William Willis, M.D., Ph.D. (2007) Professor Emeritus (School of Medicine)
Neuroscience and Cell Biology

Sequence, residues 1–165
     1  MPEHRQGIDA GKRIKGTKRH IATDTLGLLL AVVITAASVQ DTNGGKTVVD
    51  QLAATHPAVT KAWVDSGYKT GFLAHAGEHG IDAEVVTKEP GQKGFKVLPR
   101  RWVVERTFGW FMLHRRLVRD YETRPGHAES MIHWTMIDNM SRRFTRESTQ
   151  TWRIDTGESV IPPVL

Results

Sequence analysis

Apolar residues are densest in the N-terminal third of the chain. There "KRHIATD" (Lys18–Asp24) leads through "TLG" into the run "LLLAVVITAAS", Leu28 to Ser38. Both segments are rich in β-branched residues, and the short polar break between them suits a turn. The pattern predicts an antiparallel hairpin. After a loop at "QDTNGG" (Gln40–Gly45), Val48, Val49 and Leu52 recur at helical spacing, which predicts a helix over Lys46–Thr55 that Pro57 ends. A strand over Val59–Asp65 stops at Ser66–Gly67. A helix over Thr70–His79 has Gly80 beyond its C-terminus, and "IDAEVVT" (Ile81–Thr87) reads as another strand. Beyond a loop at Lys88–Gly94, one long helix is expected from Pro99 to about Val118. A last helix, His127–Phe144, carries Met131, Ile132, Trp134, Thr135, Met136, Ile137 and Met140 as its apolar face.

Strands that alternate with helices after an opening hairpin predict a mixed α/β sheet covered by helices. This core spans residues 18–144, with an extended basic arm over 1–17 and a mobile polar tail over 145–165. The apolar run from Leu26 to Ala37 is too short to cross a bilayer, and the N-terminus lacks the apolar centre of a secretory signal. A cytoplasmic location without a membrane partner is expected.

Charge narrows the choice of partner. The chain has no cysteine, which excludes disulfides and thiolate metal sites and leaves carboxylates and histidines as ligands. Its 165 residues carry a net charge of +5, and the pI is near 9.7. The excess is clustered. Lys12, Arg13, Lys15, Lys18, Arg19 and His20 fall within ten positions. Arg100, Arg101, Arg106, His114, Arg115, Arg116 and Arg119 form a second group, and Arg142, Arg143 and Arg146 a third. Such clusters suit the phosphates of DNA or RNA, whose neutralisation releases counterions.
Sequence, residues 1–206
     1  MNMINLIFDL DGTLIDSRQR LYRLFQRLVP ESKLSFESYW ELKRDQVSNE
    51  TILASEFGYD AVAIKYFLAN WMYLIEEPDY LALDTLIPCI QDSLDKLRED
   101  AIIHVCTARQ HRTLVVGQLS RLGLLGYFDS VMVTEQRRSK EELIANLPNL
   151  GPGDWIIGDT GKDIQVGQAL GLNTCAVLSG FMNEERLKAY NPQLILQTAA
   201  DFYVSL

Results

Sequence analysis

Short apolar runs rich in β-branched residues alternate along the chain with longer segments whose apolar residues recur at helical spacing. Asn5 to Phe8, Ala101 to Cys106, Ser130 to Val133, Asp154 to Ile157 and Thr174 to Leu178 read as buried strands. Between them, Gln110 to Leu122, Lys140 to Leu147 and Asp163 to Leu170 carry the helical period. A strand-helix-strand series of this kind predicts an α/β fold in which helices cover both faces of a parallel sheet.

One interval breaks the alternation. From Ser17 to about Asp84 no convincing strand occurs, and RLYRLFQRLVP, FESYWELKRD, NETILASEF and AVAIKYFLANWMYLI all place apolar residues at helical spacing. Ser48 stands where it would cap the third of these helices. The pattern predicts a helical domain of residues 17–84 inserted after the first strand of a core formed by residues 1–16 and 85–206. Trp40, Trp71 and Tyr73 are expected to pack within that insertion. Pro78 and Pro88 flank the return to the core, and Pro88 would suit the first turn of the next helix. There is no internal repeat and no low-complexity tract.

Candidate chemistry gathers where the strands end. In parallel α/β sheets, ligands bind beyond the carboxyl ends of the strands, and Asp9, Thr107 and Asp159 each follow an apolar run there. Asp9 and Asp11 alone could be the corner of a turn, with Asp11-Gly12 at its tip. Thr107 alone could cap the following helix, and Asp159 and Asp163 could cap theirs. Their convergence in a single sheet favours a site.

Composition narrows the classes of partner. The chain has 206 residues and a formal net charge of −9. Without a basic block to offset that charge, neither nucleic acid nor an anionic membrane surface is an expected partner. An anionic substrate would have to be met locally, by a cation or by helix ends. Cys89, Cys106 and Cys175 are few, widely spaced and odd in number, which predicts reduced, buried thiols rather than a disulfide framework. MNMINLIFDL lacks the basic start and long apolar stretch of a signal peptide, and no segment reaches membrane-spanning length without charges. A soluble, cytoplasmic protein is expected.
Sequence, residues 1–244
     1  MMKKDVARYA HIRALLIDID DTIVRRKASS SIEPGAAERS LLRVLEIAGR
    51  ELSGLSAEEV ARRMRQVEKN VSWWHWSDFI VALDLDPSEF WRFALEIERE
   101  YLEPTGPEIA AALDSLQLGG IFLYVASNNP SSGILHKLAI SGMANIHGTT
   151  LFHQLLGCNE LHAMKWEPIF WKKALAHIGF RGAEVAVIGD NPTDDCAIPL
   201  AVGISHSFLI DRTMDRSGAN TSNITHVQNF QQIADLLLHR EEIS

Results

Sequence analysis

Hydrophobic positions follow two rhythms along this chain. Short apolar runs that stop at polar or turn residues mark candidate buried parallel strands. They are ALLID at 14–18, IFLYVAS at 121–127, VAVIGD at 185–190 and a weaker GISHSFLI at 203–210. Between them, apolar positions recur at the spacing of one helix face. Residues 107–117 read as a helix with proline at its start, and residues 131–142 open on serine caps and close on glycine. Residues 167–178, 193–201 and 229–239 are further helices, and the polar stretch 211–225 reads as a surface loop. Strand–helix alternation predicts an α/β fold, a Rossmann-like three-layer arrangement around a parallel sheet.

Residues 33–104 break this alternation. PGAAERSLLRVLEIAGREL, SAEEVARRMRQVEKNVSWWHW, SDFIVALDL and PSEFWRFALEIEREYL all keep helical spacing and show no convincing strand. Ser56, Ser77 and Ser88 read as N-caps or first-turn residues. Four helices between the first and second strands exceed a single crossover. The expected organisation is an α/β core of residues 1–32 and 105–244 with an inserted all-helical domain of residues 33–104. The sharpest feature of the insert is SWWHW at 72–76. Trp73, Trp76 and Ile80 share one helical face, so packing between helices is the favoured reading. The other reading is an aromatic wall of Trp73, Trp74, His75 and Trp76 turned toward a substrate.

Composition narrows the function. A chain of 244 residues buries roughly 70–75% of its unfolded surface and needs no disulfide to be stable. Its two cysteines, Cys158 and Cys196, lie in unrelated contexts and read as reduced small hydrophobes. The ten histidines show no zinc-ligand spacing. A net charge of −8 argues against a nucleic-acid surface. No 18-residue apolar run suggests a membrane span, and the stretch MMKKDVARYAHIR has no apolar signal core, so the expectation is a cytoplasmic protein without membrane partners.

William D, Willis, Jr. became Professor Emeritus of Neuroscience & Cell Biology in 2007. Highlights of Dr. Willisí career include continuous NIH grant support from 1963 to the present (including Principal Investigator of an R01 grant from 1963-present, Director of a Program Project Grant from 1972-2007, and of a Training Grant from 1981-1999) and sponsorship of 13 externally funded postdoctoral fellowships. He has been President of several scientific societies (American Pain Society, Association of Neuroscience Departments and Programs, Cajal Club, and the Society for Neuroscience) and chief editor of the Journal of Neurophysiology and the Journal of Neuroscience. He has been a member of NIH review panels (Neurology B Study Section, Neurological Disorders Program Project Review Committee, Neurological and Communicative Disorders and Stroke Council and NINDS Training Grant and Career Development Review Committee) and several committees of the National Board of Medical Examiners, including the Physiology Test Committee (Chair), Step 1 Committee, and Neuroscience Task Force. In addition to publishing over 300 scientific papers, 34 review articles, 97 chapters and several monographs, he published (with Dr. Robert Grossman) 3 editions of a textbook of MEDICAL NEUROBIOLOGY and chapters on the central nervous system in several editions of PRINCIPLES OF PHYSIOLOGY and of THE TEXTBOOK OF PHYSIOLOGY by Berne and Levy. He has also received several research honors, including a Florence and Marie Hall Fellowship and an Alexander von Humboldt Senior Scientist Award in 1984-5, both of which supported a research reassignment in Germany; the Frederick W.L. L. Kerr Memorial Award of the American Pain Society in 1986 for research on pain, the Bristol-Myers Squibb Award for Distinguished Achievement in Pain Research in 1993, the Purdue Prize for Pain Research in 2002, the J.E. Purkinje Honorary Medal for Merit in the Biological Sciences from the Academy of Sciences of the Czech Republic in 2003, and the Distinguished Faculty Research Award from the GSBS at UTMB in 2005. In 2002, he was named by the Institute of Scientific Information as one of the most highly cited authors in the world (top 0.5% of all publishing authors).